The Second Pillar of Community Strategy: Support
Cost is Always a Factor In Community Strategy
For businesses, the problem is managing the cost of support. Few can afford to staff each of those channels effectively, and even those that can are likely to want to reduce costs wherever possible.
So how does community figure into this? There are a few ways that your community strategy can help your support:
- By allowing you to mobilise your existing customers (especially enthusiastic brand advocates) to provide help to other users, and to share their own solutions to problems.
- By giving your support staff a convenient location to provide support, converse with users and build stronger relationships with your customers.
- By allowing you to build a living knowledge base about your product, which community members contribute to, update and revise as needed
Community allows you to use your existing customers (and strong brand advocates in particular) to provide fast, effective, and cheap support to other users. People enjoy helping others, whether it’s because they simply enjoy helping out or because they like to show their superior knowledge of a product. In some cases, they may want to build a reputation as a problem solver, in the hope of attaining consulting work or a lucrative career opportunity down the line. It should be a key part of your community strategy to find, recognise and reward these users, to encourage them to continue helping out. As part of an omni-channel support approach, this can deflect a lot of tickets from your staff (particularly simple ones), given them more time to spend on more complex problems
Aside from ticket deflection, community can allow your support staff to build better relationships with their customers. Have you ever come to a company with a product problem, and left the exchange feeling better about the company than when you started. I have, and each time it was the result of support staff who went the extra mile to be friendly and helpful. This can be done on a phone call or an email and it might impress one customer. If it happens in a public branded community, it might impress dozens. Everyone knows that their support needs to be fast and accurate, but a community approach also allows you to be open and transparent.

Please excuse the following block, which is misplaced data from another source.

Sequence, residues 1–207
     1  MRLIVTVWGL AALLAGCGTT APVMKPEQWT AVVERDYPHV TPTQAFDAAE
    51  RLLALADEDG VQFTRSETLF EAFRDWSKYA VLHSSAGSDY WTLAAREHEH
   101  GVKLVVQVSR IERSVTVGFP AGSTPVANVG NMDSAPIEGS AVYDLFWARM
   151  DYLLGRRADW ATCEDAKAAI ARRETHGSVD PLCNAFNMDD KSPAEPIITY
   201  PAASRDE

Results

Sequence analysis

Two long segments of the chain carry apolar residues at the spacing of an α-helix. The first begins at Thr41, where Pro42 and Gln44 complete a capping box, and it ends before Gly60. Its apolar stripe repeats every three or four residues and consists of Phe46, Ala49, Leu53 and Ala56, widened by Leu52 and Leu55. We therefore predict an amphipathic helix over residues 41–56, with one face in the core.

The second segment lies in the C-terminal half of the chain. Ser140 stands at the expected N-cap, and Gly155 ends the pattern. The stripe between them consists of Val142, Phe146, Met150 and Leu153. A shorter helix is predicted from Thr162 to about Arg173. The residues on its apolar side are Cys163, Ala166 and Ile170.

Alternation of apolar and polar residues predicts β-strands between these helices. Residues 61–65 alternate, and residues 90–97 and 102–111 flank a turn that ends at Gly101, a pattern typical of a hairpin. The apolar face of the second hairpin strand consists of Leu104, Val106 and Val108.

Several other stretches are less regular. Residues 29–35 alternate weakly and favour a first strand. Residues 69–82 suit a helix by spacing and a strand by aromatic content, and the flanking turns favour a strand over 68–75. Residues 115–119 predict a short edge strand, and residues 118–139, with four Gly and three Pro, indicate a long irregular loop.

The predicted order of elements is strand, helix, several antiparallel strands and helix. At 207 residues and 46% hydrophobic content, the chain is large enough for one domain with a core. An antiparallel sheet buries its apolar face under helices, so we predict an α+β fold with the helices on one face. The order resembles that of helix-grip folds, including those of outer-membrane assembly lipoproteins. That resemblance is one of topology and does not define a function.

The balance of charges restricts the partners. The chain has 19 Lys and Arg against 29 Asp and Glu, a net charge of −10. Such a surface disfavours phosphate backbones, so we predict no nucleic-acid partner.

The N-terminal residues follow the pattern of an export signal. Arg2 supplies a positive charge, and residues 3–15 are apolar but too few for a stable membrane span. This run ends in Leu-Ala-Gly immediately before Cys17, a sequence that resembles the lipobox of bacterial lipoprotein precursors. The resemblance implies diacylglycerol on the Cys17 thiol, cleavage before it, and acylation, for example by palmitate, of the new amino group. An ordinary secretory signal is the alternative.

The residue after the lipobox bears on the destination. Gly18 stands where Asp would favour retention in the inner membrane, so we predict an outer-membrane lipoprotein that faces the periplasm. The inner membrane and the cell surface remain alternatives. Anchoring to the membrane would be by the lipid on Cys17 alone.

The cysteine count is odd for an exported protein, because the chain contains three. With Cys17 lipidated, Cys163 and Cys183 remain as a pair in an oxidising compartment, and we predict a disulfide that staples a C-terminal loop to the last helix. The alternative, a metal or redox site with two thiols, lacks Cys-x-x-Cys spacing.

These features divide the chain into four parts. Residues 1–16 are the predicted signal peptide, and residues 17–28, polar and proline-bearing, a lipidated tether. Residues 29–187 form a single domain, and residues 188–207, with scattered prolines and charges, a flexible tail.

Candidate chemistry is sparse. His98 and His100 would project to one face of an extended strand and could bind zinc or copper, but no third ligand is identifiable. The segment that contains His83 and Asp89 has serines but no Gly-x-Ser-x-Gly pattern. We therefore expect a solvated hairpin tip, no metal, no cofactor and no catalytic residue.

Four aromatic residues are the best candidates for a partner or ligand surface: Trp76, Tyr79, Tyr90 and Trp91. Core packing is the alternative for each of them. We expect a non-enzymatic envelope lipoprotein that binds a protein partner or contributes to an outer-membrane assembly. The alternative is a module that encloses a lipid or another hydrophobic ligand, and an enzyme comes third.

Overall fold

Building a community as a knowledge base is also a huge resource saver. Telephone support tend to work from scripts for a reason; most user problems are not unique to them and could be solved with a quick google. Make your community into the place that search leads to, and you’ll deflect tickets before you even know they exist. A user simply finds an answer, and moves on. You can do this with online product documentation of course, but a community forum is a living document, and answers can be added to, changed and revised by either staff or users as it becomes available.
Brand Advocates Make For Great Support
Once again, the watchword here is brand advocacy. If your users love your product and love your brand, they’ll go out of their way to help you out. I won’t bang the same drum again, but the only way these crucial customers are going to be on your side is if you’ve built a great community.
Customers want support options. There’s no such thing as a catch all solution, just a variety of different solutions of varying effectiveness and cost. If support is part of your community strategy however, you’ll find it much easier to get the job done well. Your support improves, your customer relationships grow, and both improvements can be displayed to the world.
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